I agree with others above who note that metric is incomplete because it doesn't consider the downstream GHG emissions from use of the product. That's very tricky to do, though, across different kinds of products. GE's jet turbines create tremendous amounts of GHGs when used (as do all airplane turbines), but it's still reasonable to want the turbines made in the most environmentally responsible way possible. And GE would also credit for all the wind turbines it makes, which arguably generate net negative GHGs (by displacing fossil generation). So, going downstream would get complicated, fast.
     
  14. Zextraterrestrial

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    news is ...entertainment. period!
    wrapped up in diapers is where most of it belongs
     
  15. evme

    evme Member

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    Not only is the methodology flawed. According to them, they give a score of 0 if the company does not respond to their partner's requests.

    Tesla did not respond:

    Results - Company Responses


    So they got a score of 0 in many categories.
     
  16. S'toon

    S'toon Knows where his towel is

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    These "green" standards can be quite flawed. They're in the eyes in the beholder. I remember years ago an "ethical" mutual funds company was investing in the worst clear cutting polluting logging company in the world. Why? They had set up a paper recycling plan in their head office. Another time they were investing in a gold company that had planned to destroy a glacier that fed indigenous villages water. Why? They had promised to destroy the glacier SUSTAINABLY. I asked "How can you destroy a glacier sustainably?"
     
  17. brucet999

    brucet999 Active Member

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    They do not consider lifetime energy consumption of product. In fact, 20% of the score is "Green Revenue Score" defined as % of revenue derived from products that "contribute positively to environmental sustainability and societal health". Tesla should score very high there, but the kicker is that they use values assigned to the industrial classification into which the company falls, not the individual company's products, so Tesla is stuck with the rating of the "consumer discretionary" sector, not EV manufacturing.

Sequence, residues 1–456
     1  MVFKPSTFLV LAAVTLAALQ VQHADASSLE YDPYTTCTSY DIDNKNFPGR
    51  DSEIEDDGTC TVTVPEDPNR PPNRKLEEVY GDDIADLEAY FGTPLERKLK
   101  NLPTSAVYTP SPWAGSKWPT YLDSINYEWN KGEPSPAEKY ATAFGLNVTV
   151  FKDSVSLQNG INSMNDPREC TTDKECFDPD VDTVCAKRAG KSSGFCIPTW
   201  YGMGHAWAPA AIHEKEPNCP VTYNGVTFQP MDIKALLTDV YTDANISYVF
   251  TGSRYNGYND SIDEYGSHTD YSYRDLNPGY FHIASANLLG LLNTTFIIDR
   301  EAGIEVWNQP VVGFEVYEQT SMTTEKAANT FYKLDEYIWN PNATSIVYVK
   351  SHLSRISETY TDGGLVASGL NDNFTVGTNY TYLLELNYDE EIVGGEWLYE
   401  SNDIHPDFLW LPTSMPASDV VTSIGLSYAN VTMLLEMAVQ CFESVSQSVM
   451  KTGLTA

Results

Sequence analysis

If they considered lifetime GHG production, major oil companies would have ranked last, but they are all in the top 3 quintiles.
    - - - Updated - - -

    Notably, all of the major oil companies ranked in the top 3 quintiles, whereas Tesla ranked in the last quintile.

    - - - Updated - - -

    I don't get the relevance of this. Newsweek says that they used publicly available info and notified the companies so they could make any info available. I don't see any mention of CDP in their methodology.
     
  18. Canuck

    Canuck Active Member

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  19. evme

    evme Member

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    It is right there in their FAQ:

    http://www.newsweek.com.nyud.net:8080//2015-newsweek-green-rankings-faq-338193

     
  20. brucet999

    brucet999 Active Member